Tools of Systems Thinking
Systems thinking utilizes a variety of tools that help make thinking visual. By using methods to take our thinking and reasoning outside of our minds and into a form that we can see and easily share with others, we can better understand current behaviors of a system and ways to operate within a system to create desired change.
The tools and strategies of systems thinking include the ladder of inference, behavior-over-time graph, connection circle, stock-flow map, iceberg visual, and causal loop diagram. These visual tools are used to collect, analyze, synthesize and communicate insights about systems.
Learn to draw behavior-over-time graphs to show patterns and trends, in addition to telling the story of a graph as a way to explain your assumptions about a system of interest.
Learn about mental models, their impact on systems and how to use the Ladder of Inference to recognize the reinforcing nature of our beliefs/actions.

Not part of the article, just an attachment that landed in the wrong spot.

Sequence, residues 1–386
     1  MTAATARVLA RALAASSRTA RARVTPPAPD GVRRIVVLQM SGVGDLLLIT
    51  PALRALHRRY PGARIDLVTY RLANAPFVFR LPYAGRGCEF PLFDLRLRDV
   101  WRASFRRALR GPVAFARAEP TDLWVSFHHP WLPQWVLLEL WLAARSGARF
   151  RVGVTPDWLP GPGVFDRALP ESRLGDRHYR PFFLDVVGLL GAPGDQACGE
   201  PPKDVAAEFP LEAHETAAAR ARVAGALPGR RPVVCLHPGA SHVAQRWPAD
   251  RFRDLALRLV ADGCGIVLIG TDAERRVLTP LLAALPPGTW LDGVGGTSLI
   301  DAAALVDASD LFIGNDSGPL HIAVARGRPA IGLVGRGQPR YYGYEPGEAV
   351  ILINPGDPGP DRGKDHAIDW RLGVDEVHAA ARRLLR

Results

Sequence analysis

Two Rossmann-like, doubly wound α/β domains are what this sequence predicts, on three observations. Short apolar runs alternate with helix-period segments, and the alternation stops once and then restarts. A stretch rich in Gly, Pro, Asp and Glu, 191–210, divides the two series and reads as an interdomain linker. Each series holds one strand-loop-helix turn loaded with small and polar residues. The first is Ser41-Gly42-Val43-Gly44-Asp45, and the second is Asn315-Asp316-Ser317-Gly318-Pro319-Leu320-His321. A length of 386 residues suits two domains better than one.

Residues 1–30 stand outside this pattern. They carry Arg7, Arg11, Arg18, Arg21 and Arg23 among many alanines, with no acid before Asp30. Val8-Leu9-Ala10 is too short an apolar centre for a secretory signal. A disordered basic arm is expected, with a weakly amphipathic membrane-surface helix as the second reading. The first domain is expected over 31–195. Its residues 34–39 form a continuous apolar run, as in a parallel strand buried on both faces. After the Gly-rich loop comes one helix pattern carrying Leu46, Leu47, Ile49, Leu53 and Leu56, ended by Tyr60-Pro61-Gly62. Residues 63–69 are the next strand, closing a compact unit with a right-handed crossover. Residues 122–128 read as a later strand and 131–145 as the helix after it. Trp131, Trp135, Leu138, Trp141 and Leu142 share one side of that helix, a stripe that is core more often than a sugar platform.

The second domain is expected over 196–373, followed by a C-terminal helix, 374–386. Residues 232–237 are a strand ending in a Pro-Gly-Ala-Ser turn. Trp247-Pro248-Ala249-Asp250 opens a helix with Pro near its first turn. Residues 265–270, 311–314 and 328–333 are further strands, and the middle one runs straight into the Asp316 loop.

Learn to recognize and map key accumulations that change over time in a system by familiarizing yourself with stock-flow mapping.
Use the systems thinking iceberg to deepen your understanding of how system structure generates patterns, trends and outcomes.
Learn about the importance of causal connections and their influence on systems. You will be able to tell the story of causal relationships and apply this to elements within your own system of interest.
Apply the knowledge you gained of causal links to learn about connection circles and causal connections maps as a way to identify interdependencies in systems.
Causal loop diagrams show feedback relationships that make up systems. Here you will learn about reinforcing feedback and how to draw it as one of the two types of causal loops.
Learn about balancing feedback, which is one of two types of causal loops.
Explore various ways to use both reinforcing and balancing feedback loops to map a system of interest.